Ok, I guess I didn't cut to it clearly enough. Everyone I've ever known who regularly uses pot is basically a loser! Give me a break. You all sound soooo independent, reasonable and calm. "to each his own... what's the harm?... let's punish REAL crimes!" Blah, blah, blah. Same old 1960's song and dance. Why don't you add to it "their going to do it anyway so..." I've never heard that before either. Archaic, outdated nonsense. Psychotic drugs? That's a stretch. Wow. I thought I was going off the deep end. I guarantee... I'll bet my mortgage on it. You soften the laws, make it easier, in time the "casual users will be smoking J's in the park next to the pool while kids are there. It's one thing for a 35 year-old to light up a mind-altering substance alone in their home, it's entirely different for kids to have to filter that exposure tthrough their stream of consciousness. I thought we needed to vote for Lawrence kids. That's what all the signs say every election season. C'mon, folks, you can't have it both ways. You have to stand on principal. Just because you were at a party once, smoked a little pot and later told your friends you really didn't get anything out of it because you were actually smoking Billy's home grown weed from his back yard doesn't mean you truly understand the harms. I find it really hard to be impressed with intellectual attempts at defending pot use. To me that is quite odd. It really is all about getting high, right? How important is that? Is it worth it? Man, I suppose I'm not with it. Oh, gods of mediocrity, please help me to be more middle of the road, I beg you!

wichita_reader 13 years ago

From, just to clear up righthand's confusion.

psychotro*pic adj.--Having an altering effect on perception, emotion, or behavior. Used especially of a drug.

n.--A psychotropic drug or other agent.

psychotic adj.--Of, relating to, or affected by psychosis. n.--A person affected by psychosis

psychosis n.--A severe mental disorder, with or without organic damage, characterized by derangement of personality and loss of contact with reality and causing deterioration of normal social functioning.

brahl 13 years ago

You want a law to be afraid of, be afraid of the patriot act

bkt_1977 13 years ago

"The ONLY problem that I see with this is that potheads will swarm here like the homeless trash!"

Offtotheright, you ought to be ashamed of yourself. Just because another human being has fewer resources and greater hardships than you do, you consider them TRASH?! No one is exempt from the possibility that they will lose their job, suffer from poor physical or mental health, suddenly have a sick child or parent, divorce or other strain on their financial wellbeing that will leave them strapped or even destitute. Without affordable and accessible healthcare, without reasonably priced education and job training, without an adequate number of jobs available, it is not surprising that many good people find themselves on the streets. Forced to ask for help, and lacking the transportation, clothing and other resources that would aid them in bettering their situation, the homeless face a bleak and demoralizing future without the support and compassion of more fortunate citizens. The only thing that separates you from them is better luck and a lack of basic decency.

ssauble 13 years ago

I've seen more individuals lives ruined by Paxil being misadministered than through occasional marijuana use.

Hong_Kong_Phooey 13 years ago

bkt_1977: You ought to open your eyes. The majority of the homeless people now lounging around on Mass. Street are 20-something slackers that are either too lazy to work, trying to "find themselves", or don't believe in the capitalist system (though they don't mind benefitting from the change of those folks that do). People in this town want to worry about something, then worry about how Mass. St. is looking like the world's largest homeless convention. They are ruining the downtown that so many residents tout as being one of the best things about Lawrence. How many visitors are going to want to go walk/shop on Mass when they've got some jackass in black jeans, combat boots, an Anthrax t-shirt and dirty hair begging them for some "spare change" every block.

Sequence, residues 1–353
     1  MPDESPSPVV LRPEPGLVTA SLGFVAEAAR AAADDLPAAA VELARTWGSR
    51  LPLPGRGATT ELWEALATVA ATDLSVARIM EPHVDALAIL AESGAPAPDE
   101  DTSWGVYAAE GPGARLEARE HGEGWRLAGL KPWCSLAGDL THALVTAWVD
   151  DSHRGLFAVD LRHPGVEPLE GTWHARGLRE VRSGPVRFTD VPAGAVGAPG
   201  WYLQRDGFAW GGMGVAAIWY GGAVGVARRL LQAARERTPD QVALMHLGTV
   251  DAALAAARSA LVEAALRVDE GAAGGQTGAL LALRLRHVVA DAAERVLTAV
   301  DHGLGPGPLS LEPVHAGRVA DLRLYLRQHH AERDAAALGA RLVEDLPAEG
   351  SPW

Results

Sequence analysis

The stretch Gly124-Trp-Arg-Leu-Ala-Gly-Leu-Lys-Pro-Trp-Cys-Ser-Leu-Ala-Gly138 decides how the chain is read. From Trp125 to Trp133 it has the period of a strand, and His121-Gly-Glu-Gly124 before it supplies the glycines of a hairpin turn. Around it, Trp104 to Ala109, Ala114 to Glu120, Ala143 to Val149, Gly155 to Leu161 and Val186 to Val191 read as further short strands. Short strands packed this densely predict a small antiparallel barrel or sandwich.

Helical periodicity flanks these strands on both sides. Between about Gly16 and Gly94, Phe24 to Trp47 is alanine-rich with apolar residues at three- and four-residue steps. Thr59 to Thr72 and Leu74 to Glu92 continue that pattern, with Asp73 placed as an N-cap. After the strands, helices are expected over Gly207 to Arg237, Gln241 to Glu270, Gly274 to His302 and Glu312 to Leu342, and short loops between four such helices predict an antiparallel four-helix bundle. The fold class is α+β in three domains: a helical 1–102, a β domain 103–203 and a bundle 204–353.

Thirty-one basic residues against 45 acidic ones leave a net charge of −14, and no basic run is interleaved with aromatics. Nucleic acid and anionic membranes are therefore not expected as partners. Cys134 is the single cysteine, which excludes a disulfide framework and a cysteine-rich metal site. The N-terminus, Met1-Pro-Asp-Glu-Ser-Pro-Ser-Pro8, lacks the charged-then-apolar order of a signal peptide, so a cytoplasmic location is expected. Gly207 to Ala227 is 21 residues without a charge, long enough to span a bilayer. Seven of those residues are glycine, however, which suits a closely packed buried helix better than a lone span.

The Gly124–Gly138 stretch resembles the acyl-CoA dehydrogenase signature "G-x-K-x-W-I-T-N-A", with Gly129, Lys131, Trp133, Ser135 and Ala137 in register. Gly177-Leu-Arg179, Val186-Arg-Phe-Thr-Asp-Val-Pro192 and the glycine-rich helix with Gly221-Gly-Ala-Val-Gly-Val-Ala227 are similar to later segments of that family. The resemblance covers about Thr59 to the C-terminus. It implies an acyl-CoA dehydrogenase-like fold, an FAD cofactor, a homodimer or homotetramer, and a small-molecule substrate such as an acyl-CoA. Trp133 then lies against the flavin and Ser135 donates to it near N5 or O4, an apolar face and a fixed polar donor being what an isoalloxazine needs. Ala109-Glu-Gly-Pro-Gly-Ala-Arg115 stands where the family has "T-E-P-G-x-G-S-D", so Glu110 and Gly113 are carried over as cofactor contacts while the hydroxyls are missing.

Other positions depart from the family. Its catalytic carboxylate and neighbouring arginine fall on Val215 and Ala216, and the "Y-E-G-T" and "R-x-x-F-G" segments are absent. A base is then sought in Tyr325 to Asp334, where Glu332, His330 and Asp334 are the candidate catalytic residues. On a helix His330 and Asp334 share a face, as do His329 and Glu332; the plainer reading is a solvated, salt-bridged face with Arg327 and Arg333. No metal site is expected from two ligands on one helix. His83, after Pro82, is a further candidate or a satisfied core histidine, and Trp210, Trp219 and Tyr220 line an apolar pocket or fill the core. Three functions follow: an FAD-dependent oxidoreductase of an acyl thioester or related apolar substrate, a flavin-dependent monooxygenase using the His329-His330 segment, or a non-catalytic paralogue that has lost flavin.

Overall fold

Universe 13 years ago

Oh goodie; legalizing pot so hippie liberals will actually have an excuse to be addicts. Hong_Kong_Phooey; I agree with you however I do like the group Anthrax. :)

neopolss 13 years ago

righthand -

You've been believing everything you've been told. You have a negative conotation about pot, and therefore have decided that no one should use it. Since you are an expert, perhaps then you can reason with me. By what policy is the government given a license to distinguish between legal and illegal drugs? At what point is it okay that the individual does not have rule over what they place into their body, harmful or not? You see, that's a big problem. Despite what your opinion of pot is, whether it is harmful or not, the individual still should have choice over what harm they choose to inflict on themselves. If one cannot rule over oneself, then our society has simply crossed the line in its crusade of "public safety."

I can drink an entire bottle of CLR, which would most likely kill me, legally. I cannot smoke pot. I can drink coffee, which contains harnful caffeine, but not cannabis. I can take ibprofin or drink heavily, legally. Where is the difference? And what makes it your concern?

Pot is legal in many European countries, yet the results all show the same. The is no significant increase or decrease in usage of pot. Your slippery slope arguments of people smokings J's in the pool area are ridiculous. Despite the dispute of the smoking ban, many here still obey the law. If pot were legal, you can bet there would be laws governing its place of usage.

You asked for an intelligent response for usage of pot. I have never and probably will never use pot. I hate the smell mostly. However, I value freedoms and rights above all else, and the right of an individual over oneself is an important one. It's also not within the business of government to be determining good and bad drugs. The whole idea is absurd.

Face it. The war on drugs failed, it's time to relearn about good and bad drugs, and instead learn about overuse and moderation.